Religion in the 21st century
OUT of interest I tried to check my students’ views on religion. “If given a chance to be any of the founders or figures of the major religions, who do you want to become?” This was the last question in the final exam I gave in the course Introduction to World Religions. I got inspiration from the World Economic Forum’s 2013 conference in Davos, Switzerland which among others, asked the question “is religion outdated in the 21st century?”
One student said that he would like to be Mohammed. As the prophet, he would review some of the teachings of Islam. This is important, according to him, amidst the increasing prejudices against Islam. He sees the value of the belief in Allah as a God who is just. But how to teach justice to believers without being violent and aggressive, in his view, is most essen t i al .
Another student chose to become the Buddha. “This world needs to go back to the middle path” was her explanation. Amidst chaos, increasing issues in mental health, and confusion, humanity needs to be ever mindful. “If we only try to balance everything . . . stop for a while and check ourselves then we can be at peace with ourselves and other s.”
Expectedly some students would prefer to be like Jesus. One answer however caught my attention. The student courageously sai d “[w]hether he was the Son of God or not does not really matter [to me].” What is most important, the student answered, is how [Jesus] “showed nothing but kindness and generosity to the people.”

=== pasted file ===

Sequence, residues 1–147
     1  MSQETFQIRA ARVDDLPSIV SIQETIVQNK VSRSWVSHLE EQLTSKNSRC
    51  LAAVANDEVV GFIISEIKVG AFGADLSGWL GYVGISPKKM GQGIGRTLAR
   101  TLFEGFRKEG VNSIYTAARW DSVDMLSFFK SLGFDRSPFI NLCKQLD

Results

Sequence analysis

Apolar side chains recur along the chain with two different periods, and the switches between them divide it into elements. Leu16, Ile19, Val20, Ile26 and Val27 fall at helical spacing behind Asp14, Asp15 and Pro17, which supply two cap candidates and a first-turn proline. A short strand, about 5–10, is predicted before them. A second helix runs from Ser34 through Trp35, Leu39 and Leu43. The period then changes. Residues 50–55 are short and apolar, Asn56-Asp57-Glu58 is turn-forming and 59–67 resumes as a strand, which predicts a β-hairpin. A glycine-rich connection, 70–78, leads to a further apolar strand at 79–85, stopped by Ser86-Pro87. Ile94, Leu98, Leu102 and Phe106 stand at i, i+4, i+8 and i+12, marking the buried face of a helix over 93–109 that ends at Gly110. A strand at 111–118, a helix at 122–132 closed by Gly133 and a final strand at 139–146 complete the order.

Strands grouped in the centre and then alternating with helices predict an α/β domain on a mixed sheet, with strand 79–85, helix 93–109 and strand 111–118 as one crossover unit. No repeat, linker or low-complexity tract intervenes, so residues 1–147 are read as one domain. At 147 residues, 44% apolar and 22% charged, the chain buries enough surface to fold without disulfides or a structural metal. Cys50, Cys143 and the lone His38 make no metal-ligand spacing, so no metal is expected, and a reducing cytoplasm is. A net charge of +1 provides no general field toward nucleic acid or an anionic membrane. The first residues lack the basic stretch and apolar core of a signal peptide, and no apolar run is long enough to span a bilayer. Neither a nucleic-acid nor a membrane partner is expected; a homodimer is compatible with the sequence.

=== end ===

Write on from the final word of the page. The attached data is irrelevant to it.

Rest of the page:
We look up to great figures like Jesus, The Buddha, and Mohammed not just because they are historical figures that left enduring legacies that have enriched human civilization and culture. More than their place in human history, they are the archetypes of the worldview they represent. In them we see and feel humanity’s values fully expressed and synthesized: compassion, solidarity, and hope.
I am reminded of a book by the Jesuit theologian Roger Haight, “Jesus Symbol of God.” The book offers an alternative reading to the very meaning of Jesus’role as the Son of God. The author avoided the philosophical categories of Greek philosophy in order to explain what it means to believe that Jesus is God. He proposes instead that we understand Jesus as a historical reality who makes present another (greater) reality who is God.
The answers of my students are revealing. They validate my contention that there is still so much to hope in today’s young people. They are often misunderstood and sometimes labeled as less religious than those who were raised to follow mainstream religiosity decades ago. Today’s youth may not necessarily be less religious or irreligious. On the contrary, they are in the process of clarifying what basically constitutes the humanity of man and the very values that bind us all.
Religion is meaningful only and insofar as it touches the core of our being. Religiosity is not merely the repetition of devotional practices. Our deep longings for things greater than ourselves are the doors to the sacred. Pietistic rituals and repetitive gestures of veneration are useless if they do not enable us to open these doors.
Thus, religion is here to stay. It may shrink (although numbers say otherwise) but it will never be gone. Some religious groups will be forced to evolve even compromise or revise certain doctrines. However the home of religion is the human heart. And so long as that heart continues to seek justice, communion, compassion, and truth people will continually turn to figures that stood as models of these values.